Mutually agree on a really cheesy romantic comedy movie, mute it while you watch, and voice your own dialogue and narration. (Added Challenge: pick foreign movie.)

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        14. Rainy Day Races

        Make an obstacle course using the entire apartment or house. The one not racing the course gets to set up, and the slowest after 3 trials cooks dinner. (Added challenge: involve the garage, basement, or attic.)

        15. Time Travel Taste Test

        Head over to your local library, grab a vintage cookbook (the older, the better), stop by the store, grab the necessary ingredients, go home, and feast. Your taste buds have now been transported to 1951, and chicken tetrazzini is still raging in popularity.

        Family

          Activities to try with your family:

          16. Wait Just a Mento

          Make a mento and soda bomb in a nearby park, backyard, or school. Be sure that parental supervision is nearby, or at the least have a mature friend around.

          17. Bullseye Balloons

          Draw a gigantic bullseye in the street nearest your house (front porch or stoop preferably). Chuck water balloons into the air and see who hits the bullseye first.

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          18. Finger Frenzy

          When’s the last time you (as the adult) painted using only your hands and fingers? That’s what I thought.

          19. Unknowing Nana

          Pay grandma and grandpa a surprise visit as a family. Surprises are always nice, but when the entire family shows up it’s even better. (Added challenge: don’t let distance determine anything. If they live states, or countries, away, plan it far enough in advance to make it happen.)

          20. Just Dance

          Spontaneous dance parties in the car, the living room, or the bathroom are a great way to bond while simultaneously eliminating boredom in a goofy way. (Added challenge: enroll in a dancing class as a family.)

          My grandma used to always say, “only boring people are bored,” and I’ll have to side with her on this one. Don’t let the excuse of boredom keep you from doing super awesome things with your family, your friends, and yourself.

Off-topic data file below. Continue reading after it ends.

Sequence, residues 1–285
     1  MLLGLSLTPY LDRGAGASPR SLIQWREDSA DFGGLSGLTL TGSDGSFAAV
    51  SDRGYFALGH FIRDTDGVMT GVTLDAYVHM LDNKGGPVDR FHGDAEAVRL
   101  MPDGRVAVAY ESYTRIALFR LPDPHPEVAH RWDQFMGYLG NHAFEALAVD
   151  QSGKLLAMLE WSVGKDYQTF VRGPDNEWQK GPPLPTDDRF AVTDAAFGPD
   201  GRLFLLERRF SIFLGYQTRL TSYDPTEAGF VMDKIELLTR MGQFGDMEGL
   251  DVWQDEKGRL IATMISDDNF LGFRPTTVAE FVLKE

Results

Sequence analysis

What did I miss?

          Featured photo credit: Skateboard Kid / Ababaka via 123rf.com

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          Last Updated on March 13, 2019

          How to Get out of a Rut: 12 Useful Ways to Get Unstuck

          How to Get out of a Rut: 12 Useful Ways to Get Unstuck

          Have you gotten into a rut before? Or are you in a rut right now?

          You know you’re in a rut when you run out of ideas and inspiration. I personally see a rut as a productivity vacuum. It might very well be a reason why you aren’t getting results. Even as you spend more time on your work, you can’t seem to get anything constructive done. While I’m normally productive, I get into occasional ruts (especially when I’ve been working back-to-back without rest). During those times, I can spend an entire day in front of the computer and get nothing done. It can be quite frustrating.

          Over time, I have tried and found several methods that are helpful to pull me out of a rut. If you experience ruts too, whether as a working professional, a writer, a blogger, a student or other work, you will find these useful. Here are 12 of my personal tips to get out of ruts:

          1. Work on the small tasks.

          When you are in a rut, tackle it by starting small. Clear away your smaller tasks which have been piling up. Reply to your emails, organize your documents, declutter your work space, and reply to private messages.

          Whenever I finish doing that, I generate a positive momentum which I bring forward to my work.

          2. Take a break from your work desk.

          Get yourself away from your desk and go take a walk. Go to the washroom, walk around the office, go out and get a snack.

          Your mind is too bogged down and needs some airing. Sometimes I get new ideas right after I walk away from my computer.

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          3. Upgrade yourself